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Bwa Mask Nuna Zoomorphic Animal Burkina Faso African Art

$295.00
Product #: 114291
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Title Bwa Mask Nuna Zoomorphic Animal Burkina Faso African Art
Type of Object Mask
Country of Origin Burkina Faso
People Bwa
Materials wood, pigment
Approximate Age 20th century
Dimensions Height: 15 Inches
Width: 5.25 Inches
Depth: 8 Inches
Overall Condition Good. Most of our pieces have spent decades on at least two continents, and have been treasured by several owners.   Small splits, scrapes and cracks are a normal part of their patina attesting to their age and extensive use.  We examine each piece carefully when we receive it and report any damage we find in our listings.  Please look carefully at the pictures which may also reveal condition and damage.
Damage/Repair scraped and worn surface. dirty


Additional Information:  A colorful mask with superb geometric motifs from Burkina Faso. It employs a face that resembles an those of other notable masks from the region like bush cow and others among the Bwa, like plank mask is known as a Nwantantay, only without the superstructure. Perhaps it is representing a bird.  It would have been worn on the head, tilting downward, fringed in a full-body raffia skirt, with the dancer peering through the opening in the mouth. Such masks were danced at the funerals of important members of the community, at the annual village purification ceremony.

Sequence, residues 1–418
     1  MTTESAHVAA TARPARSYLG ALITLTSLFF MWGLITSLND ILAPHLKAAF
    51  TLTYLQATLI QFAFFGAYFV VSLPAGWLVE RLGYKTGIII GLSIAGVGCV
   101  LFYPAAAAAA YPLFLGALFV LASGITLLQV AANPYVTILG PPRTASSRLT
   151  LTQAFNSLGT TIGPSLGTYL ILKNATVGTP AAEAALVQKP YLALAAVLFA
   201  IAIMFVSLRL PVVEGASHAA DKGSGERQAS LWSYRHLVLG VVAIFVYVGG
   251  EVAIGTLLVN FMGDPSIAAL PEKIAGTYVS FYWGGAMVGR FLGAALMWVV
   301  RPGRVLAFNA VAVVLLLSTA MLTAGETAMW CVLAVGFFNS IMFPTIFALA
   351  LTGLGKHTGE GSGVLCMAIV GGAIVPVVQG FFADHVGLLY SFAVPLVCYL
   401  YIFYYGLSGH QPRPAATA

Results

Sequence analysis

The Bwa, unlike their more traditional Bobo neighbors, are far more receptive to change and outside influence, therefore they are prone to produce masks of a more fanciful nature than their conservative relatives.  


The Bwa occupy large areas of Mali and Burkina Faso, extending from the banks of the Bani River in Mali in the north almost to Diebougou and the Ghana/Burkina border in the south. The Bwa are farmers, which they consider to be the most noble of occupations. Most of the fieldwork is done by men, although women help out occasionally during the planting and harvest. In addition to cotton, which dominates their fields, the Bwa grow millet, sorghum, rice, yams, and peanuts. The Bwa now grow so much cotton they often must purchase other foods for cash in distant markets.